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What if I Gave the Police False Identifying Information?

 Posted on May 23, 2024 in Criminal Defense

CA defense lawyerWhen the police stop you while you are carrying an illegal item, like illicit drugs or an unregistered handgun, it is easy to panic and misidentify yourself. If the police show up at your home to carry out a search warrant, your instinct might be to claim that you are someone else or to give a fake name. A lot of people act out of sheer panic and give the police false identifying information when they are caught committing a crime, hoping that the police will fall for the fake identity and have charges filed against a person who is not them or a person who does not exist. In nearly all cases, police can readily see through false identities and will find out who you really are. If you are charged with providing false identification to a police officer, you need an experienced San Jose, CA criminal defense lawyer.

Understanding Providing False Identification to a Police Officer Charges 

You do not need to have handed a police officer a fake ID to be charged with this offense, although doing so would certainly fall under this statute. (If you did use a fake ID, you will likely face additional charges, as possessing a fake ID is illegal.) Verbally giving a police officer a name other than your own legal name can be considered providing false identification.

If the name you represented as being your name is the name of an actual person, you might even face identity theft charges. Some people will give the name of a close relative, like a sibling, while they are being detained, hoping the other person will be charged instead. In some cases, this can result in federal charges.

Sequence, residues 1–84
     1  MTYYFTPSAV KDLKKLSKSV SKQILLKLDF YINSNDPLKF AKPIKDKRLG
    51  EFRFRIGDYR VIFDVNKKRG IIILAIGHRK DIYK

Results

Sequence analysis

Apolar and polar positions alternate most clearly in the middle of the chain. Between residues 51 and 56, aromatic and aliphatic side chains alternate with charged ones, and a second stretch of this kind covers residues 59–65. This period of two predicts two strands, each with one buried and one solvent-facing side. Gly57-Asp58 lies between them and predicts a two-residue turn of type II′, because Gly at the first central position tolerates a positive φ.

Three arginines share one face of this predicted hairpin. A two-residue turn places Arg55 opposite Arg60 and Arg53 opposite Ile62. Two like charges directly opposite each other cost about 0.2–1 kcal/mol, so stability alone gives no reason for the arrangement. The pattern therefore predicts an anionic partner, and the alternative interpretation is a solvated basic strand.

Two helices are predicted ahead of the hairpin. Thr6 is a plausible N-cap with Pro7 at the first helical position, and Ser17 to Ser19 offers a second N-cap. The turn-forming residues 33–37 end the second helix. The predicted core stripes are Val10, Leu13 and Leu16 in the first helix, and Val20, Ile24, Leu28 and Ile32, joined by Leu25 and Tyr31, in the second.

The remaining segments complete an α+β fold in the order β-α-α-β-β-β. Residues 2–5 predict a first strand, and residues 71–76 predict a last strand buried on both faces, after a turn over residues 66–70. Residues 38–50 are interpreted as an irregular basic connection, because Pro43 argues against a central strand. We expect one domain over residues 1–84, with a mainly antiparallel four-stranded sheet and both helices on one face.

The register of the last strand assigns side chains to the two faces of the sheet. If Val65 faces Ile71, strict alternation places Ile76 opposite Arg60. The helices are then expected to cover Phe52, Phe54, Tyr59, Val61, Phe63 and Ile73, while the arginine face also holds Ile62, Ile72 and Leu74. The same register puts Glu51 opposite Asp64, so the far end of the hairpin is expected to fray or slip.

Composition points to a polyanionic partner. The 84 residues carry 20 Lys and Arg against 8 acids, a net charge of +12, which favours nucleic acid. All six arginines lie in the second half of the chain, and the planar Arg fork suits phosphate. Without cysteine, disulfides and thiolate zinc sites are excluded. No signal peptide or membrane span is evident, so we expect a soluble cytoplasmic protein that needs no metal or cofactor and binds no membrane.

If you gave the name of a person who does not exist - you simply made up a random name - you will likely be charged with a misdemeanor offense for providing false identification to an officer.

Why Giving False Identification Almost Never Works 

It is incredibly rare for a person to get away with a crime because a police officer believed their false identifying information. Police do more to verify the identity of a person they have arrested than asking the person his or her name. Often, this illusion falls apart as soon as the police search an arrestee’s person and find his or her driver’s license in a pocket or purse. Police may also ask to confirm your social security number, check your fingerprints against a database, or find an official photograph of the person whose name you gave.

Contact a San Jose, CA Criminal Defense Attorney

Fuller Law Firm is experienced in helping people who provided the police with false identifying information. Experienced Santa Clara County, CA criminal defense lawyer Cory Fuller is a born-and-raised local and understands the California justice system. Contact us at 408-234-7563 for a complimentary consultation.

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